He averaged 10 poetic lines a day for over 50 years, and is credited with writing 8,989 hymns, more than ten times the number of the next closest contender for greatest hymn writer ever. As the 18th child of Samuel and Susannah Wesley he was sometimes called the “forgotten Wesley” living in the shadow of his brother John.
Homeschooled for 6 hours a day by his mother who knew French, Latin, and Greek, in addition to English, he attended Oxford. He was so concerned about the spiritual lethargy on campus that he founded what was called the “Holy Club”. Because of the strict regimen of rising early, studying scripture, visiting prison among other things they were nicknamed “Methodists.”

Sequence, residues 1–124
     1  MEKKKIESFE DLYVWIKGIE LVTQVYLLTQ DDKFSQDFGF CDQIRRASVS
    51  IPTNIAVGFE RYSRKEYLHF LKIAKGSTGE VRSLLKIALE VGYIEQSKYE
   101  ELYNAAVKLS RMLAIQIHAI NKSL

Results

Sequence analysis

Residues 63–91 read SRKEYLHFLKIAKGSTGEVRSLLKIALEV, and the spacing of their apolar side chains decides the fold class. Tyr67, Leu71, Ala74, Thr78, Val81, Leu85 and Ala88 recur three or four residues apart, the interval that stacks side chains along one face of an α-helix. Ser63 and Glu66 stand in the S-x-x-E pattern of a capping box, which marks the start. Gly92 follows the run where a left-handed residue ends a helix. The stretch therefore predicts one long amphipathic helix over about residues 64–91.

In 1735 he accompanied his brother John on a missionary trip to Georgia. Although John said, ‘I went to America to convert the Indians, but oh, who will convert me?” it could just as easily have come from Charles.
During May, 1738, charlesw was teaching English to a Morvian named Peter Bohler, who challenged him to take a closser look at his spiritual condition. That led to his conversion, and he recorded in his journal, “I now found myself at peace with God, and rejoice in hope of loving Christ.”
His hymnn, “Hark the Herald Angels Sing” was first published in a collection of hymns in 1739. The format that we find it in today is largely the result of revision by his good friend, George Whitfield. The tune is credited to Felix Mendelsohn. It is considered by many to be one of the four greatest hymns ever written. And as Paul Harvey would say, “Now you know the rest of the story.”